It's the biggest screen possible that impresses when comparing home theater setups, but it's the 13.3-inch display size that seems a favorite of manufacturers building ultra-slim, status-symbol notebooks. There are the Apple MacBook Air and HP Voodoo Envy 133 at $1,799 apiece; the Lenovo ThinkPad X301 at $2,029; the new Dell Adamo (technically a 13.4-inch diagonal due to its 16:9 aspect ratio) at $1,999. And now there's the Gateway UC7807, a sleekly styled 13.3-incher priced at ... $800. That can't be right, you say? OK. It's $690 at Amazon.com and J&R.
As you can guess, Gateway positions its first 13.3-inch notebook as a good-looking compact for travelers who can't afford to pay the luxury tax. The "good-looking" part is certainly true: While what Gateway calls its "glossy moonstone" lid collects plenty of fingerprints, opening the notebook reveals a handsome brushed-metal body with an eye-catching circular touchpad, red-backlit multimedia controls (play/pause, stop, next/previous, and a volume slider), and shiny cylindrical hinge, the left end of which serves as the on/off button.
What keeps the Gateway from membership in the Envy and Adamo club is that it isn't slim -- while the abovementioned machines tip the scales at just three or at most four pounds each, the UC7807 weighs more like a 14.1- if not 15.4-inch laptop at 5.3 pounds (the AC adapter brings its travel weight just past the six-pound mark).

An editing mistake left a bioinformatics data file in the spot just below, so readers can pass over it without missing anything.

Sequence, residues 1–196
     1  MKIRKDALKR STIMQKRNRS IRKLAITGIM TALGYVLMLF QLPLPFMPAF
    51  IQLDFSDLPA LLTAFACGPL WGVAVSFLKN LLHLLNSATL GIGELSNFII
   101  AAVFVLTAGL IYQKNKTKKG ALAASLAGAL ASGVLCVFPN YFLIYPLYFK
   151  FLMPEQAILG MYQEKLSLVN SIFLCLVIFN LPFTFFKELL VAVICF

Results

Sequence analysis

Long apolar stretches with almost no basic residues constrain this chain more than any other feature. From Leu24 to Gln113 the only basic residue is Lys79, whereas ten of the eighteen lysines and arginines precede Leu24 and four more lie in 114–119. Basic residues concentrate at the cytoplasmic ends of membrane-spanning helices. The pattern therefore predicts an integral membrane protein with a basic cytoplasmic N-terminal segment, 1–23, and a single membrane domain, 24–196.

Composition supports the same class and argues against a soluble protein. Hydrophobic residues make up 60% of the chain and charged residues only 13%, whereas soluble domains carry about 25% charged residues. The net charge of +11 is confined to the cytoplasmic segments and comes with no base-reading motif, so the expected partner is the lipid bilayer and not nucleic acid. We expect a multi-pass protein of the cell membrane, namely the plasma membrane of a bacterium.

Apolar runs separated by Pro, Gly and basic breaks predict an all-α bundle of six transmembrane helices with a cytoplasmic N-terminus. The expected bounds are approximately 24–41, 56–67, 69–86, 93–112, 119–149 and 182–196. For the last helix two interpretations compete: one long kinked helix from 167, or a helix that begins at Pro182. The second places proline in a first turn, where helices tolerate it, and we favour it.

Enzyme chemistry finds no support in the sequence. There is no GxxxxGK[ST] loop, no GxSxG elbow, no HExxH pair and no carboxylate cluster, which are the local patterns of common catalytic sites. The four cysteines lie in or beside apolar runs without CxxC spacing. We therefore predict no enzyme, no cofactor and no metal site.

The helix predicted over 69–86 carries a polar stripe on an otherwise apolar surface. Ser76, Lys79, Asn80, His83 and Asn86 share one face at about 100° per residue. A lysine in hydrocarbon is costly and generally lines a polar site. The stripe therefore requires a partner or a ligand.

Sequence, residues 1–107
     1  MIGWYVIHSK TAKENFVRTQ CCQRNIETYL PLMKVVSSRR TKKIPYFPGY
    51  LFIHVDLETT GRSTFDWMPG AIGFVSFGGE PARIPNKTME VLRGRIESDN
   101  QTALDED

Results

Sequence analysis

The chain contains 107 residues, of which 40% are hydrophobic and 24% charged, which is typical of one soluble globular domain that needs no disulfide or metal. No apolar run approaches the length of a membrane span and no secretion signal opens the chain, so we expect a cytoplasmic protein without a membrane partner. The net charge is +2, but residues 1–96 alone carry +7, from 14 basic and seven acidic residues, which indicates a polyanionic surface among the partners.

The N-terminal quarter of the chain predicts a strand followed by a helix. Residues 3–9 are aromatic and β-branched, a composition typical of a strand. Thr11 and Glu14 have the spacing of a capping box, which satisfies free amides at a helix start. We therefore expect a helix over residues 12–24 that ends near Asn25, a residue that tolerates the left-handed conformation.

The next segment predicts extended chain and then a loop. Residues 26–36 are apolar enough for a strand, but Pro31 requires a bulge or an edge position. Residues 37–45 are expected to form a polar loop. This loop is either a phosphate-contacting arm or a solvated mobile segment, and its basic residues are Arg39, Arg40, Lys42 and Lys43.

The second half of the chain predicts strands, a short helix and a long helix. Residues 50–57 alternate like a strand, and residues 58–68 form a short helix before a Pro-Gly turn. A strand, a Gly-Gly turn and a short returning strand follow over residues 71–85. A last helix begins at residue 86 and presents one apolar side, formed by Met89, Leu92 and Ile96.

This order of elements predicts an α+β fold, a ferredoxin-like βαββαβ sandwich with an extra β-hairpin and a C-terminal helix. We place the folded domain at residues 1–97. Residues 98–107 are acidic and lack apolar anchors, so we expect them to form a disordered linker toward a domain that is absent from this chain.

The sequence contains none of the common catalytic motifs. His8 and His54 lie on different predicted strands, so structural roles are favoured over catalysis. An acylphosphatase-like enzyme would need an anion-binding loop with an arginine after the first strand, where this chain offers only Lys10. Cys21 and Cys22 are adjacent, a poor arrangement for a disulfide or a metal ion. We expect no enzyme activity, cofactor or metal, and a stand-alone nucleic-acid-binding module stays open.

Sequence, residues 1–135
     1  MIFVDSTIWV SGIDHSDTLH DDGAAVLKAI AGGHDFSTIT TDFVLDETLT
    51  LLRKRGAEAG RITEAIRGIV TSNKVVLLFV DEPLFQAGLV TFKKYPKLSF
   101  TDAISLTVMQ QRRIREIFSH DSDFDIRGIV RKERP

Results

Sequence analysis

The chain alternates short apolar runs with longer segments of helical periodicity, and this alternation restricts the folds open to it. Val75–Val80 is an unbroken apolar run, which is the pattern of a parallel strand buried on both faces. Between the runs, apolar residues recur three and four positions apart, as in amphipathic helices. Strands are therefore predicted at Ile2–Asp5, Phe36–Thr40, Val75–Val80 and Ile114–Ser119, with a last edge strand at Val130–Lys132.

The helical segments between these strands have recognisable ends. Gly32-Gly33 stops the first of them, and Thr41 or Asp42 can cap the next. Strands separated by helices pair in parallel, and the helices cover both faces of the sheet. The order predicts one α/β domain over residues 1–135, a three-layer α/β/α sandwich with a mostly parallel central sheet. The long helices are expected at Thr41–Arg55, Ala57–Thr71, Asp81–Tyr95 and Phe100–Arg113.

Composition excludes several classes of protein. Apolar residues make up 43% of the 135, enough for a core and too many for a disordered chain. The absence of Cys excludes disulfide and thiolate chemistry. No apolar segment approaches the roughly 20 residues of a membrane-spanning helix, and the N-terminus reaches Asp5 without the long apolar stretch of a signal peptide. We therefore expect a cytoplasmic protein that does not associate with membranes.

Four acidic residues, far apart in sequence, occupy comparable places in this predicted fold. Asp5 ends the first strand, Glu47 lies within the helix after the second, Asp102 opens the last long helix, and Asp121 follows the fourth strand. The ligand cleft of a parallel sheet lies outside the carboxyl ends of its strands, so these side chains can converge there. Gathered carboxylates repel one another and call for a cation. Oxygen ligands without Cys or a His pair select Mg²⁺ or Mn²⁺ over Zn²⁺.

At 9.4 by 12.6 by 1.5 inches, it won't hog your entire briefcase, and it's not too unwieldy to pass the pick-it-up-with-one-hand-while-open test. But it's more of a competitor to mainstream machines like the Dell XPS 1330 -- and even that 13.3-inch portable is more than a pound lighter -- than it is Gateway's answer to the MacBook Air.
You also get a 250GB Hitachi hard drive and a nifty slot-loading Optiarc DVD±RW drive. The latter shares the system's right side with two USB 2.0 ports. A third USB port is at the left, along with microphone, headphone, and Ethernet jacks and both VGA and HDMI video outputs for driving an old monitor or modern HDTV set, respectively.
The 13.3-inch LCD's native resolution is 1,280 by 800 pixels. There's a 1.3-megapixel webcam above the screen and an SD/MMC/Memory Stick flash-card slot below the system's front edge. Intel's 802.11a/g/draft-n wireless adapter is standard, but Bluetooth is absent.
|Next page: the touchpad|